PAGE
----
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dark

[dahrk] /dɑrk/
adjective, darker, darkest.
1.
having very little or no light:
a dark room.
2.
radiating, admitting, or reflecting little light:
a dark color.
3.
approaching black in hue:
a dark brown.
4.
not pale or fair; swarthy:
a dark complexion.
5.
brunette; dark-colored:
dark eyebrows.
6.
having brunette hair:
She's dark but her children are blond.
7.
(of coffee) containing only a small amount of milk or cream.
8.
gloomy; cheerless; dismal:
the dark days of World War II.
9.
sullen; frowning:
a dark expression.
10.
evil; iniquitous; wicked:
a dark plot.
11.
destitute of knowledge or culture; unenlightened.
12.
hard to understand; obscure.
13.
hidden; secret.
14.
silent; reticent.
15.
(of a theater) offering no performances; closed:
The theaters in this town are dark on Sundays.
16.
Phonetics.
  1. (of an l- sound) having back-vowel resonance; situated after a vowel in the same syllable.
    Compare clear (def 24a).
  2. (of a speech sound) of dull quality; acoustically damped.
noun
17.
the absence of light; darkness:
I can't see well in the dark.
18.
night; nightfall:
Please come home before dark.
19.
a dark place.
20.
a dark color.
verb (used with object)
21.
to make dark; darken.
verb (used without object)
22.
Obsolete. to grow dark; darken.
Idioms
23.
in the dark,
  1. in ignorance; uninformed:
    He was in the dark about their plans for the evening.
  2. in secrecy; concealed; obscure.
24.
keep dark, to keep as a secret; conceal:
They kept their political activities dark.
Origin
1000
before 1000; (adj.) Middle English derk, Old English deorc; (noun and v.) Middle English, derivative of the adj.; compare Middle High German terken to darken, hide
Related forms
nondark, adjective
predark, adjective
Synonyms
1. Dark, dim, obscure, gloomy, murky refer to absence or insufficiency of light. Dark implies a more or less complete absence of light: a dark night. Dim implies faintness of light or indistinctness of form (resulting from the lack of light or from imperfect vision): a dim outline. Obscure implies dimness that may arise also from factors that interfere with light or vision: obscure because of haze. Gloomy means cloudy, ill-lighted, dusky: a gloomy hall. Murky implies a thick or misty darkness: murky water. 4. dusky, black. 12. recondite, abstruse.
Antonyms
1. lighted. 2. bright. 8. cheerful. 9. pleasant. 12. clear.
Dictionary.com Unabridged
Based on the Random House Dictionary, © Random House, Inc. 2014.
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British Dictionary definitions for in dark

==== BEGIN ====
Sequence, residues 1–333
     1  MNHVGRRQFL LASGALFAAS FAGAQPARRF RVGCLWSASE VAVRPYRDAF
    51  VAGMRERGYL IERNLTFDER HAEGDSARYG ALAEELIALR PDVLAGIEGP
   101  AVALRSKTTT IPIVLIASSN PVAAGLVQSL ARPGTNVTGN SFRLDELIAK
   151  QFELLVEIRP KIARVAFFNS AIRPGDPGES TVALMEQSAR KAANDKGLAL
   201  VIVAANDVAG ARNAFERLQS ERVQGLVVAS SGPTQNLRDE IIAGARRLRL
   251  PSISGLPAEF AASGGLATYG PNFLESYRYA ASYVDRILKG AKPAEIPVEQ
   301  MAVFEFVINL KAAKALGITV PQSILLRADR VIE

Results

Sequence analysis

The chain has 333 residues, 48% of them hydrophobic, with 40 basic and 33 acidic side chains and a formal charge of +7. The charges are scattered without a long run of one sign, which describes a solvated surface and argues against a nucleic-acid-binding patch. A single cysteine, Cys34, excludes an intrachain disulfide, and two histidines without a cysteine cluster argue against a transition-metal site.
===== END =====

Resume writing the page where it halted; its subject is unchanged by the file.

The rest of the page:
dark

/dɑːk/
adjective
1.
having little or no light: a dark street
2.
(of a colour) reflecting or transmitting little light: dark brown Compare light1 (sense 29), medium (sense 2)
3.
  1. (of complexion, hair colour, etc) not fair or blond; swarthy; brunette
  2. (in combination): dark-eyed
4.
gloomy or dismal
5.
sinister; evil: a dark purpose
6.
sullen or angry: a dark scowl
7.
ignorant or unenlightened: a dark period in our history
8.
secret or mysterious: keep it dark
9.
(phonetics) denoting an (l) pronounced with a velar articulation giving back vowel resonance. In English, l is usually dark when final or preconsonantal Compare light1 (sense 30)
10.
(stock exchange, informal) go dark, (of a company) to remove itself from the register of major exchanges while continuing to trade
noun
11.
absence of light; darkness
12.
night or nightfall
13.
a dark place, patch, or shadow
14.
a state of ignorance (esp in the phrase in the dark)
verb
15.
an archaic word for darken
Derived Forms
darkish, adjective
darkly, adverb
darkness, noun
Word Origin
Old English deorc; related to Old High German terchennen to hide
Collins English Dictionary - Complete & Unabridged 2012 Digital Edition
© William Collins Sons & Co. Ltd. 1979, 1986 © HarperCollins
Publishers 1998, 2000, 2003, 2005, 2006, 2007, 2009, 2012
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Word Origin and History for in dark

dark

adj.

Old English deorc "dark, obscure, gloomy; sad, cheerless; sinister, wicked," from Proto-Germanic *derkaz (cf. Old High German tarchanjan "to hide, conceal"). "Absence of light" especially at night is the original meaning. Application to colors is 16c. Theater slang for "closed" is from 1916.

n.

early 13c., from dark (adj.). Figurative in the dark "ignorant" first recorded 1670s.

Online Etymology Dictionary, © 2010 Douglas Harper
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Slang definitions & phrases for in dark

dark

adjective

Closed; not in operation: Monday is a ''dark'' day at Heinz Hall (1916+ Theater)

Related Terms

in the dark


The Dictionary of American Slang, Fourth Edition by Barbara Ann Kipfer, PhD. and Robert L. Chapman, Ph.D.
Copyright (C) 2007 by HarperCollins Publishers.
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Idioms and Phrases with in dark

dark

The American Heritage® Idioms Dictionary
Copyright © 2002, 2001, 1995 by Houghton Mifflin Company. Published by Houghton Mifflin Company.
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2
3
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